Coastal Cleanup Day statistics currently provide the most comprehensive long-term data set
regarding the quantity and types of marine debris, including plastics, found on California coast.
The California Coastal Commission organizes the volunteers and waste removal for the annual
event and submits data to the Ocean Conservancy’s international database. Although monitoring
is occurring on this annual volunteer-led basis, California should institute standard marine debris
monitoring at sources of discharge. All permitted dischargers should report observations of
marine debris in receiving water bodies.
The question-driven monitoring framework is easily suited to addressing marine debris, yet the
Draft Amendment to the Ocean Plan does not include questions targeted at marine debris. As
soon as possible, California should establish a trash objective of “zero” in the Ocean Plan in
order to comply with water quality standards in the Clean Water Act and guarantee protection of
the beneficial uses of the ocean environment. Sufficient monitoring data is critical in order to
determine whether water bodies are impaired. Therefore, California should include questions
designed to monitor marine debris in the section “10. Receiving Water Characteristics.”
Tailoring the questions to be similar to the coastal cleanup data sheets will allow comparison to
observations by dischargers.
ii. Microplastics
While some Regional Water Quality Control Boards have sought to meet water quality
objectives regarding floating material and solid, suspended or settleable materials1 by
For example, the Los Angeles Region Water Quality Control Plan includes the following objectives: (1) “Waters
shall not contain floating materials including solids, liquids, foams, and scum in concentrations that cause nuisance
or adversely affect beneficial use” and (2) “Waters shall not contain suspended or settable material in concentrations
that cause nuisance or adversely affect beneficial uses.”
implementing trash total maximum daily loads (TMDLs), microplastics have not yet been
addressed as a pollutant. To meet current trash TMDLs, captures systems like trash nets, mesh
screens, vortex separation systems, and other devices filter out particles 5 mm and larger.
Microplastics are smaller than this, by some definitions less than 1 mm, and so are not addressed
by these filter systems.
Recent research has observed the ubiquitous nature of microplastics – on shorelines of six
continents – and concluded that a large proportion derive from sewage (Browne et al. 2011).
Ingestion of microplastic provides a potential pathway for the transfer of pollutants, monomers
and plastic-additives to wildlife and humans (Id.). Browne et al. found plastic fibers in the same
proportion of polyester and acrylic fibers used in clothing. Experiments sampling wastewater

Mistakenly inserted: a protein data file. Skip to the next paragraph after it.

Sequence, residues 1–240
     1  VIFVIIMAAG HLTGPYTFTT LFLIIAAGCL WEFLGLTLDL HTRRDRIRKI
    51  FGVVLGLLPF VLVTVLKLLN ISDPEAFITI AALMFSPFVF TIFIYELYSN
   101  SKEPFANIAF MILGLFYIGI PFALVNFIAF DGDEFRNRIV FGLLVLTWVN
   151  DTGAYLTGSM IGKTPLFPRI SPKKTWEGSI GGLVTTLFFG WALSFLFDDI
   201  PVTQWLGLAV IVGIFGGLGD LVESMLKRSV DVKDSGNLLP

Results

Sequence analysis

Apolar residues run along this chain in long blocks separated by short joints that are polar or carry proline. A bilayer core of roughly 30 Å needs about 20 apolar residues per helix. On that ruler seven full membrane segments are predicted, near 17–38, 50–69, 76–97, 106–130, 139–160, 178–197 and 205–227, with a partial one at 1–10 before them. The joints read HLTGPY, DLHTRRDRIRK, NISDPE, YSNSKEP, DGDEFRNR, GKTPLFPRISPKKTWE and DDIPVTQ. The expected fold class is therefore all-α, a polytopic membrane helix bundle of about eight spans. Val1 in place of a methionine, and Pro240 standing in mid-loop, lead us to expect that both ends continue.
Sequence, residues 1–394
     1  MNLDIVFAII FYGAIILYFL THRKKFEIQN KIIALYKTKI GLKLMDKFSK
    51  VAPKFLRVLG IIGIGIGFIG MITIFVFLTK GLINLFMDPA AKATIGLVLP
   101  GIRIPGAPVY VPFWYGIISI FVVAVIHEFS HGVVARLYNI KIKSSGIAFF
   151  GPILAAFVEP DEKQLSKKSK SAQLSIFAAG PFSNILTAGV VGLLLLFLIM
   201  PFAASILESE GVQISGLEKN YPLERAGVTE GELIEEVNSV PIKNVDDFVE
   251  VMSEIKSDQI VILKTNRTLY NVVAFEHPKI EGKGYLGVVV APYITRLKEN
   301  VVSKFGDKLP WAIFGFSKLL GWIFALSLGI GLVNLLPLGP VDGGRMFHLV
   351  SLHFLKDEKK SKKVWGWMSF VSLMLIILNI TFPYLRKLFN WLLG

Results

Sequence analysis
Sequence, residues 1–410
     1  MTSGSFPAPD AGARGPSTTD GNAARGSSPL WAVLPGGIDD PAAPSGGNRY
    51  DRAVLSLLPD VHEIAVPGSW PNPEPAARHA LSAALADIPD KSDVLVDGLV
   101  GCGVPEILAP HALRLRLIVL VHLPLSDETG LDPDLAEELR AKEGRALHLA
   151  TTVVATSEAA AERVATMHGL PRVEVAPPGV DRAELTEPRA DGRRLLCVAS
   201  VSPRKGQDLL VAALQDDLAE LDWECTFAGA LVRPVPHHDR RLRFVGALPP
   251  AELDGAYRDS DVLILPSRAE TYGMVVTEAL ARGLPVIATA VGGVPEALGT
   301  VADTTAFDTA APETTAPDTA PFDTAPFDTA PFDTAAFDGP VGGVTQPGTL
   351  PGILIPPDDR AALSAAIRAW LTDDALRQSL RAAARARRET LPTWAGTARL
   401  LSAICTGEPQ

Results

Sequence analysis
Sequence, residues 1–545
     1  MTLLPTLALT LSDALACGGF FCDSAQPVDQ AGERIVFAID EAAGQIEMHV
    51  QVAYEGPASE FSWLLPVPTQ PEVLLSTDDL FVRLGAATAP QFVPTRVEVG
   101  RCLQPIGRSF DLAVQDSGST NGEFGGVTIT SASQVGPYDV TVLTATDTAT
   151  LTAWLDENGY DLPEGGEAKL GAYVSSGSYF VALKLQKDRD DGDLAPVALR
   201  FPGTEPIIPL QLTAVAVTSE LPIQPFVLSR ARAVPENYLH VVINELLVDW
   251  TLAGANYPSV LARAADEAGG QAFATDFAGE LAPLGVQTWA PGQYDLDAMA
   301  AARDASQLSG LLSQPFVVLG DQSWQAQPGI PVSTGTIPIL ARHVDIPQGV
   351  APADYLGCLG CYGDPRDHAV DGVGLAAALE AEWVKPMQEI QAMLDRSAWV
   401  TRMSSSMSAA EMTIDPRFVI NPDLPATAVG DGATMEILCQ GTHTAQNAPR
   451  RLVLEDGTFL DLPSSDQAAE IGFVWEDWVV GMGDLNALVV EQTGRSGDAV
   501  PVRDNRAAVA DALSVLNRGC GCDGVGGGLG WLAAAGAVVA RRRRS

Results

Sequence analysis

from domestic washing machines demonstrated a single garment can product > 1900 fibers per
wash (Id.). While more research is needed on the effects of ingested microplastics, the scientists
note the potential for release of monomers (e.g., ethylene glycol, dimethyl terephthalate,
propenenitrile, acrylonitrile, acrylonitrile, vinyl chloride, vinylidene chloride, vinyl bromide),
dispersive dyes, mordants (e.g., aluminum, chromium, copper, potassium, tin), plasticisers from
manufacture and sorbed contaminants from sewage (e.g., organotin, nonylphenol, and Triclosan
Given the concern over the effects of microplastics in the environment, California should begin
monitoring discharges for microplastics. Key to controlling pollutants is understanding the
sources. Based on the research that a large proportion of microplastic pollution may come from
point sources, California should start monitoring these sources for microplastics.
2. Conclusion
Thank you for consideration of these comments. Please feel free to contact me with questions.
/s/ Miyoko Sakashita
Miyoko Sakashita
Center for Biological Diversity
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Accumulation of Microplastic on Shorelines Woldwide:
Sources and Sinks
Mark Anthony Browne,*,†,‡,§ Phillip Crump,z Stewart J. Niven,§,|| Emma Teuten,§ Andrew Tonkin,z
Tamara Galloway,^ and Richard Thompson§
School of Biology & Environmental Sciences, University College Dublin, Science Centre West, Belfield, Dublin 4, Ireland
Centre for Research on the Ecological Impacts of Coastal Cities, A11 School of Biological Sciences, University of Sydney,
NSW 2006, Australia
Marine Biology & Ecology Research Group, School of Marine Science & Engineering, University of Plymouth, Plymouth PL4 8AA,
United Kingdom
School of Geography, Earth & Environmental Sciences, University of Plymouth, Plymouth PL4 8AA, United Kingdom
Waters Canada, Ontario, Canada
School of Biosciences, College of Life & Environmental Sciences, University of Exeter, Exeter EX4 4PS, United Kingdom
ABSTRACT: Plastic debris <1 mm (defined here as microplastic) is accumulating in marine habitats.
Ingestion of microplastic provides a potential pathway for the transfer of pollutants, monomers, and
plastic-additives to organisms with uncertain consequences for their health. Here, we show that
microplastic contaminates the shorelines at 18 sites worldwide representing six continents from the
poles to the equator, with more material in densely populated areas, but no clear relationship between
the abundance of miocroplastics and the mean size-distribution of natural particulates. An important
source of microplastic appears to be through sewage contaminated by fibers from washing clothes.
Forensic evaluation of microplastic from sediments showed that the proportions of polyester and
acrylic fibers used in clothing resembled those found in habitats that receive sewage-discharges and